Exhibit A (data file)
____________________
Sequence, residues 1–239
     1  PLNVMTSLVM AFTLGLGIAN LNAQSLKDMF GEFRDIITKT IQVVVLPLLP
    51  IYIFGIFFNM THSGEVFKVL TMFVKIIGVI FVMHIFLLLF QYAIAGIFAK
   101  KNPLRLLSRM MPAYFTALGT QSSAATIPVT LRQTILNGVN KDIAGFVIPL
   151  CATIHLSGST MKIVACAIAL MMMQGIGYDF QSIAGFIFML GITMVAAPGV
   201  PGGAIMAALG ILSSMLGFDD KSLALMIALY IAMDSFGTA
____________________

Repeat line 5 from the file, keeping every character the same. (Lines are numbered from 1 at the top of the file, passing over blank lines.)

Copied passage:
   151  CATIHLSGST MKIVACAIAL MMMQGIGYDF QSIAGFIFML GITMVAAPGV